Fifty Shades of McFaddens

With participation in the project slowly but surely increasing, I thought a brief update would be in order.

No. of Y-DNA Results submitted by surname
McFadden: 18 (+1 kit pending)
McFaddan: 3
McFaddin: 1
McFadyen: 1
McFadzen: 1

Patterson: 7
Patten: 2
Paden: 1
Paterson: 1
Peadon: 1
Peden: 1
Peyton: 1

No links have yet been found between any of the “P” names and any of the “McF” names, but the real surprising thing is that of the 24 “McF” names, there are at least 11 completely unrelated lineages. If you ignore the three kits that are known to be closely related to other members, we could potentially have 15 unique lineages out of just 21 submissions. That is incredible.

What could account for this? A few things. First of all, we simply don’t have a large enough sample size. There are thousands of McFaddens out there. Maybe we’re all spread across hundreds of lineages, or maybe one or two dominant clans will emerge. Only time and more participants will tell. That’s why the priority at the moment is just generating more interest. Do you know any other Mac Pháidíns? Are you one yourself? Get involved and come along for the ride!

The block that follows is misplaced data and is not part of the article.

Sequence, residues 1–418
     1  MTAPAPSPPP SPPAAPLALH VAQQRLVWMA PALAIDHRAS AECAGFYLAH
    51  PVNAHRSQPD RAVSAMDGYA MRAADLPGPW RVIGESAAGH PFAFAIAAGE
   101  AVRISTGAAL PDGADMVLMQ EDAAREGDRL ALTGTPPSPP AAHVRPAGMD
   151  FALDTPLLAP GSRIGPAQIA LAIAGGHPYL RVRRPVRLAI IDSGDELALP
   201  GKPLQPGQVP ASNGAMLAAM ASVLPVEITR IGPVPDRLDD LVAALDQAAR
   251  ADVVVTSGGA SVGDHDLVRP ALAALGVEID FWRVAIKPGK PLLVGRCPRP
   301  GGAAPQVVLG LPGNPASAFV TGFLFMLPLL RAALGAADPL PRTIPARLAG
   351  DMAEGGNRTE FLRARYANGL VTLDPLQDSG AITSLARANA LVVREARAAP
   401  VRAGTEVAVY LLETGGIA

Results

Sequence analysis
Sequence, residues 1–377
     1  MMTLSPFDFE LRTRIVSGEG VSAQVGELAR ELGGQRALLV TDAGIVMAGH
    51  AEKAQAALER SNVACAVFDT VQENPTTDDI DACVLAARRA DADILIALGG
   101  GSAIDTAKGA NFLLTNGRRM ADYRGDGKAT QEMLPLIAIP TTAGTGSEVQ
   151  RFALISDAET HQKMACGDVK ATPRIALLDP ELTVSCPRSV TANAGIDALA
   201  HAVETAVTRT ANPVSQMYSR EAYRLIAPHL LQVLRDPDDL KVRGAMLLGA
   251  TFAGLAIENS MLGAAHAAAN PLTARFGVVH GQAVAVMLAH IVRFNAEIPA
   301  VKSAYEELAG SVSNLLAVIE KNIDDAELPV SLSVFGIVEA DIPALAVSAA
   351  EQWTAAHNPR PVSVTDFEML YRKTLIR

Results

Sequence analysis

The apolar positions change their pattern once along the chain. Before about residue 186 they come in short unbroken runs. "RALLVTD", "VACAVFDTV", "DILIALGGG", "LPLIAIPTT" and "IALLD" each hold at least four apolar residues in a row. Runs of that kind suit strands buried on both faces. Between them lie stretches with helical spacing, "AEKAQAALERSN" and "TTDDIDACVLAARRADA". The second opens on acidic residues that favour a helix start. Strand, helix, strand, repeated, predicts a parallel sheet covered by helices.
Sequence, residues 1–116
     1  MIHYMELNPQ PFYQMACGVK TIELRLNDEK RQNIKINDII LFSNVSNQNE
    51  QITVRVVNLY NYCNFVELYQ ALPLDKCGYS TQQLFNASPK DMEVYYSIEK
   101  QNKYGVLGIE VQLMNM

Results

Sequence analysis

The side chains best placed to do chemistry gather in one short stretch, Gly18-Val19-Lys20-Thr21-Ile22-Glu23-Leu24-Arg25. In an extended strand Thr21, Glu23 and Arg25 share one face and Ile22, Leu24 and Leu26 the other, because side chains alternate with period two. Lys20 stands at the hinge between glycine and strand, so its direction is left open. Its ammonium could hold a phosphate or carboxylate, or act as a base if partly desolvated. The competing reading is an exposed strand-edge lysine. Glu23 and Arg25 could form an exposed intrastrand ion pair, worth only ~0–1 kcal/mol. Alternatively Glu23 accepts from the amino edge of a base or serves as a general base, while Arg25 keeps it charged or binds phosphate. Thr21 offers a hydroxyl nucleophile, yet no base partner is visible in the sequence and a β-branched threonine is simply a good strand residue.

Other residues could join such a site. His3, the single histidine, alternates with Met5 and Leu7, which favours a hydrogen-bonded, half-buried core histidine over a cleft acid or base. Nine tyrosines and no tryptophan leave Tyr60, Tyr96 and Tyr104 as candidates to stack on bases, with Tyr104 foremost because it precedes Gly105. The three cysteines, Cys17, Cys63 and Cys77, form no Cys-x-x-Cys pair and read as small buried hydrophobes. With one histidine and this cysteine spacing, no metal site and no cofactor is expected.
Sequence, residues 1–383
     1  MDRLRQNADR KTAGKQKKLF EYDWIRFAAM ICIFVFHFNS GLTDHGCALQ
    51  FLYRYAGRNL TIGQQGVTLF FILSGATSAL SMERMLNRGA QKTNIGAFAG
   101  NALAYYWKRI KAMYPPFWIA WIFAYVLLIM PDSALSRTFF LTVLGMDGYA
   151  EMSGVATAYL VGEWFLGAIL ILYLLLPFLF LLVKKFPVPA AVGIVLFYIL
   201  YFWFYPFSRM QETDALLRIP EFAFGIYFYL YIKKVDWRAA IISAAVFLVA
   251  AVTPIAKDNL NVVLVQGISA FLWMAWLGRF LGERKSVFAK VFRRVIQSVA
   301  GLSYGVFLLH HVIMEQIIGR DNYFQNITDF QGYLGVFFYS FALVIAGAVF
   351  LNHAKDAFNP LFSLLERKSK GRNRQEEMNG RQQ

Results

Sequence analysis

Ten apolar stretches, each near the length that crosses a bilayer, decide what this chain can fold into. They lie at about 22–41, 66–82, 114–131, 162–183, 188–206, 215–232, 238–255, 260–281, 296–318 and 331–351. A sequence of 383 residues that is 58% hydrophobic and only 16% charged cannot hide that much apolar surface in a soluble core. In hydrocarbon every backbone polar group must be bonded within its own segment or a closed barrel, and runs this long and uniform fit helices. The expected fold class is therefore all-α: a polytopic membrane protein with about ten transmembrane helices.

Second, the relatedness of people who share the same surname tends to be grossly overestimated in today’s society. Consider that the Irish surname Ryan has one origin, meaning all Ryans are theoretically related, yet only about half the men in the Ryan DNA project belong to the same lineage. Adoptions, infidelity, and simple name changes have been extremely common throughout history. And unlike Ryan, Mac Pháidín has long been thought to have multiple origins. Everyone knows that the name means “son of Patrick,” but I think it’s safe to say at this point that we’re not talking about one Patrick. Perhaps that is why any type of origin story about “the” Patrick has been lost to history.

In any case, it’s all very fascinating and I can’t wait to see what we find out!

Posted in DNA Testing